Founded in 1952, the Common Assembly of the European Steel and Coal Community – a relatively uninfluential body with no legislative powers – has evolved into the modern European Parliament, that along with the European Commission and the Council of the European Union, creates laws that the EU member nations must adhere to. As the only directly elected body in the European Union with the largest transnational electorate in the world, the European Parliament is unique in that 751 Members of the European Parliament (MEPs) make decisions on legislative and budgetary matters based on their party’s stance, rather than their nation’s stance- truly representing the people of their respective EU nations and their political views. With many calling the European Union’s future into question based on the rise of far right movements in member states, the European Parliament plays a central role in addressing they key issues facing the European Union and trying to maintain its continued existence and influence. The first topic will enable delegates to understand the long term impacts of Brexit on a national, regional and international level, and plan for the negotiations between the United Kingdom and the European Union. The second topic will have delegates analyze and reevaluate immigration policy and the open border system (Schengen), potentially proposing mutually beneficially reforms to the current structure.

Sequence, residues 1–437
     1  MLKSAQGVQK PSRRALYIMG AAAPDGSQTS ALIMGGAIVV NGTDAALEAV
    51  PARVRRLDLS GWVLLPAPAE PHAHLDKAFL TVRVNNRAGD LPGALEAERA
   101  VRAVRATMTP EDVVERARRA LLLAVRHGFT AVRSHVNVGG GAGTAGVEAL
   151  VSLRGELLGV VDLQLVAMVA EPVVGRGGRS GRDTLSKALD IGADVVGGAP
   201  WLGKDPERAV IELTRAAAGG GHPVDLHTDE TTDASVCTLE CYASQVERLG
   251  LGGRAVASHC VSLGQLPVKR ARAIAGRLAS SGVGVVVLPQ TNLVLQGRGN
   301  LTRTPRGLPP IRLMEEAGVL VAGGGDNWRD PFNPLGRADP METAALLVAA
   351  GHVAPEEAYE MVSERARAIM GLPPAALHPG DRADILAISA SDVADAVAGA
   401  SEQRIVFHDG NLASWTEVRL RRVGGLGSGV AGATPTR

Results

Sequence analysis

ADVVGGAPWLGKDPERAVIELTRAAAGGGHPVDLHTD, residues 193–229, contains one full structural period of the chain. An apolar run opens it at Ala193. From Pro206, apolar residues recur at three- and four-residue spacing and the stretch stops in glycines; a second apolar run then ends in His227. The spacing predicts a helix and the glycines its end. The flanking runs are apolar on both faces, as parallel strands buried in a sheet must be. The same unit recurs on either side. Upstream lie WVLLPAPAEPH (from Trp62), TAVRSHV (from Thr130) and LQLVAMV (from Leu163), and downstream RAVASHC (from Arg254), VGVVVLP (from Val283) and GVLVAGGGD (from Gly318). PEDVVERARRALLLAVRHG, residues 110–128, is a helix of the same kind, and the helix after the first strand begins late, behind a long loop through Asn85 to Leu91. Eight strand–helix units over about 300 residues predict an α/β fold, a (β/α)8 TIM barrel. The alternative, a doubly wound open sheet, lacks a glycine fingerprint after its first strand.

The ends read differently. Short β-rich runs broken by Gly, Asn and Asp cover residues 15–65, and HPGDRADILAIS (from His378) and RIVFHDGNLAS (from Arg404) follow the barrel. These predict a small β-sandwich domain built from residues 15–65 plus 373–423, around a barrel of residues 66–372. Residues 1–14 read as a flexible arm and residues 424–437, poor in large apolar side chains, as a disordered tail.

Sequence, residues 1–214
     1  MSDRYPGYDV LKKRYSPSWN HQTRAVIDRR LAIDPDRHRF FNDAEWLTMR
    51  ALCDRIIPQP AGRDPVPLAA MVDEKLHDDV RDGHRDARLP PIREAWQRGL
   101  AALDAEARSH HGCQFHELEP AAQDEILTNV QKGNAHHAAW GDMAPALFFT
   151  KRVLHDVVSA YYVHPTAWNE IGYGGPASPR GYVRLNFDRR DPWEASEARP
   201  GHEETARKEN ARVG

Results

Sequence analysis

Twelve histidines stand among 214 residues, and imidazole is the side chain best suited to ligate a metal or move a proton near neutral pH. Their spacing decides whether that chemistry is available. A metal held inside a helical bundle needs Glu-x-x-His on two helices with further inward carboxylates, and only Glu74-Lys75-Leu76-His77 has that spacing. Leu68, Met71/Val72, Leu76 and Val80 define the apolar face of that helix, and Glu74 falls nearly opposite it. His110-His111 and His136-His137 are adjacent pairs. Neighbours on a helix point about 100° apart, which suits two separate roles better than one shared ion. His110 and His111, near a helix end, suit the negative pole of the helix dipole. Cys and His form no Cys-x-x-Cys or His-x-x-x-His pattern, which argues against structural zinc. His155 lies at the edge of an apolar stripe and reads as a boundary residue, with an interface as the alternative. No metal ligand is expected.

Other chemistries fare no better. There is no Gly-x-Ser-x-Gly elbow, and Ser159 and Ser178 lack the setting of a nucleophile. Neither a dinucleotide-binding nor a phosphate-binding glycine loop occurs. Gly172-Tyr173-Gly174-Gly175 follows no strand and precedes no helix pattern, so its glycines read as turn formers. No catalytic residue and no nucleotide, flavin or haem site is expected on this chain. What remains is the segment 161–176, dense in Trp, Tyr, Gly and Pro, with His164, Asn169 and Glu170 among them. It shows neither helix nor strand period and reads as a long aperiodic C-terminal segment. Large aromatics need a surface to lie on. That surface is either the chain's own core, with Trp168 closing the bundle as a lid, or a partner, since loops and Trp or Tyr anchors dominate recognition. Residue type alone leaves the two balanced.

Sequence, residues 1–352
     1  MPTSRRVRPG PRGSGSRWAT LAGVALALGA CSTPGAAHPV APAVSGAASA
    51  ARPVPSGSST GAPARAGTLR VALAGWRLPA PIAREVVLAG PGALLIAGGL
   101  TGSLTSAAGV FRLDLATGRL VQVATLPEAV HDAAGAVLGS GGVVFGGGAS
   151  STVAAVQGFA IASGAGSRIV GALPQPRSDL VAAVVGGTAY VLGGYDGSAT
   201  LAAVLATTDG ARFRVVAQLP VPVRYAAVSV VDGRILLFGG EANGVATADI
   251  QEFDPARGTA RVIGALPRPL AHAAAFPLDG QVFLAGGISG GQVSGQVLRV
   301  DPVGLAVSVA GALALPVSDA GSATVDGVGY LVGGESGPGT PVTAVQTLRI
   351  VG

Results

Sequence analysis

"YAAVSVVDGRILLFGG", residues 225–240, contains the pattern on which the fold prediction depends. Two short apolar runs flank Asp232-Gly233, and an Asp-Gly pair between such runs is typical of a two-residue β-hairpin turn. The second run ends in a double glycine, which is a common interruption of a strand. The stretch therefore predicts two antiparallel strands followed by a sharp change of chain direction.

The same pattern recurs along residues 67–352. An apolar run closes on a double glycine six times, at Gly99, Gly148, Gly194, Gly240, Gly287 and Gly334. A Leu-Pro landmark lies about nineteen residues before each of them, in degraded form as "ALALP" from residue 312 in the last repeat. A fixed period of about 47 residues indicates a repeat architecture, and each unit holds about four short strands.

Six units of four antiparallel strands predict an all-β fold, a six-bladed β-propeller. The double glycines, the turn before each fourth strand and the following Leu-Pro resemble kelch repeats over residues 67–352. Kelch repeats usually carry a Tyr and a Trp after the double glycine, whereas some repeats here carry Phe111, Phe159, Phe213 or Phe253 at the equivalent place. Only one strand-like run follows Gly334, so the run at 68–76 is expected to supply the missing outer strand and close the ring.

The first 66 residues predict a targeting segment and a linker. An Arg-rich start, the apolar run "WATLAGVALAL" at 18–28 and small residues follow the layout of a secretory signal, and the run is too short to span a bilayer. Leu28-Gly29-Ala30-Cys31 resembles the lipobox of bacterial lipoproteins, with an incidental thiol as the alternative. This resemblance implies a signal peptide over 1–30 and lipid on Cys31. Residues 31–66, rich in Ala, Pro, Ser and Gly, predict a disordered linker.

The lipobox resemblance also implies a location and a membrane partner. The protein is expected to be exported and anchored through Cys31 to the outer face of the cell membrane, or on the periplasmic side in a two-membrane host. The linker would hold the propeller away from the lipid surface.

Topic 1: Assessing the Impact and of Brexit and Negotiating the Terms of the future UK-EU Relationship Topic 2: Immigration and Border Policy Reform